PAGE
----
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    Palacio Real / Do nothing

    by akikonomu Written Mar 15, 2008

    After visiting Palacio Real, hang out in the plaza between the palace and the Opera House. The wide open area creates a relaxing atmosphere and is an excellent spot to rest your tired feet or vegetate. Better still if there are buskers playing soulful music in the vicinity.

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    Palacio Real

    by acemj Updated Dec 18, 2002

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    The Royal Palace was my first stop shortly after arriving in Madrid. When you first enter Plaza de Oriente and see the massive palace in front of you, which is twice the size of Buckingham Palace, it truly stirs you inside. Walk to the left from here and you'll see the entrance to the Patio de Armas and the palace itself. You'll enter from the gift shop and you can purchase your ticket for the tour based on your language preference. The palace was inspired by Versaille and the French influences are evident both inside and outside. The rooms inside are spectacular, but I was a little disappointed that they were not more Spanish in style. The predominance of French Rococo decor and frescoes by Italian artists such as Tiepolo are beautiful, but they seem to take away from the patriotism that a Royal Palace should display.

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    Palacio Real (view from Campo...

    by shellseeker Written Sep 12, 2002

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    Palacio Real (view from Campo del Moro)
    With 3000 rooms the Royal Palace contains a larger amount of rooms than any other palace in Europe. Until 1931, the royal family inhabited the building; now, the royal family come here only for state occasions. The huge palace is decorated with frescoes by Tiepolo and Giaquinto, paintings by Goya, Rubens, Valezquez, and El Greco, dozens of Flemish and Spanish tapestries, and endless dazzling rococo decorations.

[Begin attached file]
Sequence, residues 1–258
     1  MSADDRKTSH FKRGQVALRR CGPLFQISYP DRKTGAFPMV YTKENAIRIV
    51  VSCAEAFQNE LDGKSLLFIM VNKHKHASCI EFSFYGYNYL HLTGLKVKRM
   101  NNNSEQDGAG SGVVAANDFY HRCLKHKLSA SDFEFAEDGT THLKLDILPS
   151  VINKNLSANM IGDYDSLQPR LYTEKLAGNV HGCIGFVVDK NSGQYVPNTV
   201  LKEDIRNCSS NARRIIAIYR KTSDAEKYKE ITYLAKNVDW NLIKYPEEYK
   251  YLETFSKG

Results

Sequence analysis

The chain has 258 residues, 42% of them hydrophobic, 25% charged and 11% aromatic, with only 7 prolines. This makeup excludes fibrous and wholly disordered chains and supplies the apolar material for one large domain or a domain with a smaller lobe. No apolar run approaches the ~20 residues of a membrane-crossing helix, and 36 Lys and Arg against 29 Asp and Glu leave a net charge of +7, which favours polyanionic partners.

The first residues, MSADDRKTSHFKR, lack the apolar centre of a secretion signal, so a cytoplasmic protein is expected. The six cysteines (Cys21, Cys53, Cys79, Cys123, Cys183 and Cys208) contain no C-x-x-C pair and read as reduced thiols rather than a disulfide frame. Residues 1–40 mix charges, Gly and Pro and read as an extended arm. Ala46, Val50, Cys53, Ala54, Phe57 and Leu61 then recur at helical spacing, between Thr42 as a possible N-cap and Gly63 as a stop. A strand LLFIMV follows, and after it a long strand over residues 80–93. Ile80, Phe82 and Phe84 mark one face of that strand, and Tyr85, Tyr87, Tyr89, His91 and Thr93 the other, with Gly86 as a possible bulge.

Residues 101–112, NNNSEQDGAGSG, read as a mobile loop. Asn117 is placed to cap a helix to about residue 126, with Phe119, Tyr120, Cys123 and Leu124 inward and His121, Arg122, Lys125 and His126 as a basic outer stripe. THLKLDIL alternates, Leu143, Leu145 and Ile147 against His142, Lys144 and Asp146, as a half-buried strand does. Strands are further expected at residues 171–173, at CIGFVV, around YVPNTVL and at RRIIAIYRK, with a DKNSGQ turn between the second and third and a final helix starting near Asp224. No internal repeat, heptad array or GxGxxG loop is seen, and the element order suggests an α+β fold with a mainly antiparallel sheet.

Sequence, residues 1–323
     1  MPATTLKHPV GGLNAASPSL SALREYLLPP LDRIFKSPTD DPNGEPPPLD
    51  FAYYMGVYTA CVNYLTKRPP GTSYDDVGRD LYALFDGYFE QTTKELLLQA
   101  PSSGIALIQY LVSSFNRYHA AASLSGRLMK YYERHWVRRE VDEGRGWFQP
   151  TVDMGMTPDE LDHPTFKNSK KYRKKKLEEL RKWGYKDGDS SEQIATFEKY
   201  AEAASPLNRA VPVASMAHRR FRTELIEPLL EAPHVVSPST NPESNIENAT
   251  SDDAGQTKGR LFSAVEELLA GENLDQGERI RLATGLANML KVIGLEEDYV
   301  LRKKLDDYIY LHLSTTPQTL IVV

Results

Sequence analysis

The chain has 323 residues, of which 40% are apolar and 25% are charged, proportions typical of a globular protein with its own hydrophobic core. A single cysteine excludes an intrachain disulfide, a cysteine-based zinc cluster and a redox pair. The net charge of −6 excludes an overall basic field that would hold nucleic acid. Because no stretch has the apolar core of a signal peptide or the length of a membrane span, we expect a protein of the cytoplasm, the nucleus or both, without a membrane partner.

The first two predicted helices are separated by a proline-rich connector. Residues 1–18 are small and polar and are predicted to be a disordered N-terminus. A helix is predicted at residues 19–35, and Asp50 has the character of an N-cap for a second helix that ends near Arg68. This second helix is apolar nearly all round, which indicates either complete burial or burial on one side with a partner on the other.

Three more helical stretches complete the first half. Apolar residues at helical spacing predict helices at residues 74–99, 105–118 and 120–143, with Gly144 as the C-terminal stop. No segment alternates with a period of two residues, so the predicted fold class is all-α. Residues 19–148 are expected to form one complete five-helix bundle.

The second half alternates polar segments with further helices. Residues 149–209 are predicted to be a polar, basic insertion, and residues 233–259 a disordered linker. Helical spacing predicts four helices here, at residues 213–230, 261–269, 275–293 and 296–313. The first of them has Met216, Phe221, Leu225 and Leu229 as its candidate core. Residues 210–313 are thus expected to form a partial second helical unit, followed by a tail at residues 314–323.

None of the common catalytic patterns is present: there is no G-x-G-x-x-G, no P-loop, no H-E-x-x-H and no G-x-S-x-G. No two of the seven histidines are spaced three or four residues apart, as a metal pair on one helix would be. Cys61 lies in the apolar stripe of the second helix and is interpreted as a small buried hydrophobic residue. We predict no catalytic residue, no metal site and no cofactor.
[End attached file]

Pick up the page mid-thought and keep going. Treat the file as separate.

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    Palacio Real

    by monica78 Written Sep 7, 2002

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    The Royal Palace claims more rooms than any other European palace. It was done in 1734.
    You can walk around in side the palace on your own, but it is also possible take a guided tour.
    You will be amazed about all the different rooms, they are all very beautiful and build in different old styles.

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    THE PALACIO REAL:The Palace...

    by viajeromaga Written Aug 24, 2002

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    THE PALACIO REAL:

    The Palace stands on the site of the older Alcázar Palace, which began as a medieval fortress. In the early 1500´s the Alcázar was used as a hunting logde and it was remodeled by King Felipe II after he established Madrid as his capital city in 1561.

    The current palace was built from 1738 to 1765 after a massive fire destroyed the Alcázar. Today the Royal Palace stands as a huge, neoclassical monument to the spanish monarchy in the 1700´s.

    The Sabatini gardens, on the grounds of the Palace are a classic example of a formal garden with shaped yews shrubbery in geometric shapes and a man-made pond with classical statuary.

    Today, the Palacio Real (Royal Palace) is open to the public as a museum.

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    Palacio Real (Royal Palace)

    by Redang Updated Apr 4, 2011

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    Palacio Real (Madrid, Spain)
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    Built between 1.738 and 1.755, it's also known as Palacio de Oriente (Orient Palace), although is on the western part of Madrid.

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  • My students and I visited the...

    by ChicaAmable Written Aug 24, 2002

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    My students and I visited the Palacio Real, which is the former home of Spain's royal family. It is now a museum, as the current royal family lives on their estate, Zarzuela, outside of Madrid.